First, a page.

North Korea warns of missile attack
ROGUE state North Korea last night threatened a nuclear missile attack if trade and financial sanctions are not dropped, but also offered to return to negotiations about disbanding its atomic weapons program.
The new tactical swerve came a day after Pyongyang defied the world's major powers by exploding a small nuclear bomb, and almost 12 months after it boycotted the six-party disarmament talks.
"We hope the situation will be resolved before an unfortunate incident of us firing a nuclear missile comes," an unnamed North Korean official told South Korea's Yonhap news agency.
The country's failed test of a long-range Taepodong-2 missile on July 5 demonstrated the North Koreans were years away from being able to launch an attack on the mainland US.
However, their proven Rodong medium-range missiles are able to reach all of South Korea and most of the Japanese archipelago, leaving the question of whether dictator Kim Jong-il's technicians have managed to devise a small enough bomb for a missile warhead.
Most foreign analysts also judge that to be outside North Korea's current capabilities, but that has not stopped the Stalinist regime regularly threatening to turn Japanese and mainland US cities into "seas of fire".
Monday's test was unanimously viewed by the US, China, South Korea and Japan - which, with Russia and North Korea, make up the six-party nations - as marking a new and dangerous stage in the North's 13-year campaign of strategic blackmail.
But a North Korean official in Beijing claimed it was actually "an expression of our intention to face the US across the negotiating table".
"We still have a willingness to give up nuclear weapons and to return to six-party talks as well," he said. "It's possible whenever the US takes corresponding measures."
The regime's veering between threats and wheedling may reflect Mr Kim's concern that he miscalculated on Monday, especially by humiliating and angering his principal ally, China.
The US and Japan last night returned to the UN Security Council with a package of hardline sanctions US Assistant Secretary of State for Asian Affairs Christopher Hill said would "really make it hurt" for the North Koreans.
The proposals included a ban on trading military-related and luxury items - a direct swipe at Mr Kim's small and cosseted leadership group - authorisation to stop and search all cargo entering or leaving North Korea, and freezing overseas assets suspected of association with its weapons programs.
A document outlining the sanctions says the US wants the resolution to fall under Chapter 7 of the UN Charter, which deals explicitly with threats to international peace and security, as well as acts of aggression.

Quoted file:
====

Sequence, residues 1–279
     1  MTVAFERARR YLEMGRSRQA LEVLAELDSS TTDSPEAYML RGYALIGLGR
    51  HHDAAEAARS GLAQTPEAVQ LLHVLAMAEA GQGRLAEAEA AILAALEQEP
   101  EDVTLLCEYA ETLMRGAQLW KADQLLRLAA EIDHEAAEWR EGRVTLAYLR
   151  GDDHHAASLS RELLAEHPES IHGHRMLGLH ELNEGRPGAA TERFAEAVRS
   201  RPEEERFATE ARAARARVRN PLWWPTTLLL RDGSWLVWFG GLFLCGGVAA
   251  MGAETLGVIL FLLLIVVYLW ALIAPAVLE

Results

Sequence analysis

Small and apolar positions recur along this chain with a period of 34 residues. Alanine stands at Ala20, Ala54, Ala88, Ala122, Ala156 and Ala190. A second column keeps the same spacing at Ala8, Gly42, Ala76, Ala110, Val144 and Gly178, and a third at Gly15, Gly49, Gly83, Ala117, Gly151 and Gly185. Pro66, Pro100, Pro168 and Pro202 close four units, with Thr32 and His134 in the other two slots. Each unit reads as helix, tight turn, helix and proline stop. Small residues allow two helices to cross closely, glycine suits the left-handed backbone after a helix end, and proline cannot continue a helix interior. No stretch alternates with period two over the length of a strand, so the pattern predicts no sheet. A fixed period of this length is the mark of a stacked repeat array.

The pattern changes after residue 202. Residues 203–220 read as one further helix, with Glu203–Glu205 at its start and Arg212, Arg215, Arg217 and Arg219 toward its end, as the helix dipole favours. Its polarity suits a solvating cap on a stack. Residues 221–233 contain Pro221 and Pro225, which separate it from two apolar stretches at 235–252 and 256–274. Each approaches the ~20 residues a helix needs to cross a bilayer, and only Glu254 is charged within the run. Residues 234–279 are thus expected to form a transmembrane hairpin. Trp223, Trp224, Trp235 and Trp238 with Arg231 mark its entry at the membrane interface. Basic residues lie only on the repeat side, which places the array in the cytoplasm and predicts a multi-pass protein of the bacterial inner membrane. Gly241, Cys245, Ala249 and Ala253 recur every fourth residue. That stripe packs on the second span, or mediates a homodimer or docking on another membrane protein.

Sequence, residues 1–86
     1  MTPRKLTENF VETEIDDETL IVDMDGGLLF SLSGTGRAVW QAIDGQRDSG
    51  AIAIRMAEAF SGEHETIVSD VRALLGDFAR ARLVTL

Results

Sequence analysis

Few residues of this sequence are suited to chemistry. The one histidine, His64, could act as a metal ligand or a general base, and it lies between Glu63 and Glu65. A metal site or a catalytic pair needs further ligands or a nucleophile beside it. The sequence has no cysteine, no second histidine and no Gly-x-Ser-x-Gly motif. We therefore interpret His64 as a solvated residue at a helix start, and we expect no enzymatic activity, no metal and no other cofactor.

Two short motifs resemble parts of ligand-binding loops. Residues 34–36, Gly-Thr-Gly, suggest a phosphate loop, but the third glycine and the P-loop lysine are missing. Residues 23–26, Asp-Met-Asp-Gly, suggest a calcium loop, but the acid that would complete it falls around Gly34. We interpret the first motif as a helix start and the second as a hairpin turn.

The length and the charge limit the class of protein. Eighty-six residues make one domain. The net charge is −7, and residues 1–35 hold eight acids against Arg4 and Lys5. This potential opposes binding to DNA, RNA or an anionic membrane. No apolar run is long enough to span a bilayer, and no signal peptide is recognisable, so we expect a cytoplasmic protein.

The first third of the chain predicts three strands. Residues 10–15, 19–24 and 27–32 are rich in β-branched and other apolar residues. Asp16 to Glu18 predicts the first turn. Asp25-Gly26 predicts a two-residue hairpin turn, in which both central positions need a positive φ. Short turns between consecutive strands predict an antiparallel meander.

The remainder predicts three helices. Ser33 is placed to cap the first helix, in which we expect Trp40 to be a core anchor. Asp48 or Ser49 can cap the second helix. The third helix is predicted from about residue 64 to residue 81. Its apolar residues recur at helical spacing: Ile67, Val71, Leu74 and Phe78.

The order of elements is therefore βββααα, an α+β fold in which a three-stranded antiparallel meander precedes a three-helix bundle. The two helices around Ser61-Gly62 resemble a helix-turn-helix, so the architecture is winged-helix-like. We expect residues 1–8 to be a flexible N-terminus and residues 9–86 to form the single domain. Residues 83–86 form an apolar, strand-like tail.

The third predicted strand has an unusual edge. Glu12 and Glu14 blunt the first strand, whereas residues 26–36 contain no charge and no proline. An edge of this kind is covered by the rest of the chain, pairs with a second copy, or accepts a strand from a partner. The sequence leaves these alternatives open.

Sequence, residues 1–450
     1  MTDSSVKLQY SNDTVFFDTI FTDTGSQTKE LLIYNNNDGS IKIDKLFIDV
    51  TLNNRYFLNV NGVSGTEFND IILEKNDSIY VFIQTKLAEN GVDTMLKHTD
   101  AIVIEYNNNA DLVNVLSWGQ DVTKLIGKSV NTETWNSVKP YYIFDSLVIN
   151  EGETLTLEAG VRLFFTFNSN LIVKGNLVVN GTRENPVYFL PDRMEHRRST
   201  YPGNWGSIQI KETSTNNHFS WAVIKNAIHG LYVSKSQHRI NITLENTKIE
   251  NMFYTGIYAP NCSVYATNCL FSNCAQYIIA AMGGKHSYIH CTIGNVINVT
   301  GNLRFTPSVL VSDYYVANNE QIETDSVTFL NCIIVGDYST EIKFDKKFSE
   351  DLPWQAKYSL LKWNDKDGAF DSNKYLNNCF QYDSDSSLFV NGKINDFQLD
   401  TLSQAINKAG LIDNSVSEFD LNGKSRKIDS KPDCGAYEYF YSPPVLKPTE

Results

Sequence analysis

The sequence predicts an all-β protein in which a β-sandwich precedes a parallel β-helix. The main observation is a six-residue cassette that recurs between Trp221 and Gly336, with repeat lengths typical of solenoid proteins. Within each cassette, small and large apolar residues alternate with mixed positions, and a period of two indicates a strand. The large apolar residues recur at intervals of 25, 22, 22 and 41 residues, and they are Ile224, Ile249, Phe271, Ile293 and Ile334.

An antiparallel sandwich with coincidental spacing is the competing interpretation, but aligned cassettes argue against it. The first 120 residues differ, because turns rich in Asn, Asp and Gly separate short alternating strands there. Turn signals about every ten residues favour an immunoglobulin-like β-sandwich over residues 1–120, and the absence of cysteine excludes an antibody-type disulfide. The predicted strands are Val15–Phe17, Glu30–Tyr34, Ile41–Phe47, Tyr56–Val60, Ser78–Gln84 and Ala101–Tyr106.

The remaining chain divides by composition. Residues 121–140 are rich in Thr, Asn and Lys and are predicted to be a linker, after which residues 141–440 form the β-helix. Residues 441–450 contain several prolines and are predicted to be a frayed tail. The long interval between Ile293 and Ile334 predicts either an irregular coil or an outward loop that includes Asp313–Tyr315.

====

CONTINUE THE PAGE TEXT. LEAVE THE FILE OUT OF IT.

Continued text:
Chapter 7 grants the council the authority to impose a range of measures, from breaking diplomatic ties and imposing economic and military sanctions to taking military action.
It was still unclear last night how much of the package was acceptable to China and Russia, who have council vetoes. But Beijing has indicated its readiness to allow the North to be sanctioned as long as the door to negotiations remains open.
Another sign of miscalculation came yesterday when Japan undertook not to go nuclear in response to Pyongyang's provocation, removing a potential fracture point with the other powers trying to stare down the regime.
"Possession of nuclear arms is not an option at all for our country," new Prime Minister Shinzo Abe told the national parliament, the Diet.
"I want to state clearly that there will be no change at all in our three non-nuclear principles," he said, referring to the policy of no-possession, no-production and no-presence of nuclear weapons on Japanese soil adopted by the Diet 35 years ago.
Mr Abe returned to Tokyo from his flying visits to Beijing and Seoul to confront speculation that the new threat might prompt his Government to consider an independent nuclear weapons capability, jeopardising the future of the US-Japan military alliance.
But he told the Diet that on arriving home on Monday night he called US President George W.Bush and they agreed the alliance was "an unshakable relationship with which deterrence is maintained".
Under the alliance, the US guarantees Japan's security from external attack with coverage by its "extended deterrence" nuclear umbrella, military bases on Japanese soil and an anti-ballistic missile defence system now under joint development.
The Japanese spend ¥4.8 trillion ($54.1 billion) a year on national security. It is the world's fifth-biggest military budget but, outside the US alliance, Japan would be obliged to spend three or four times more.
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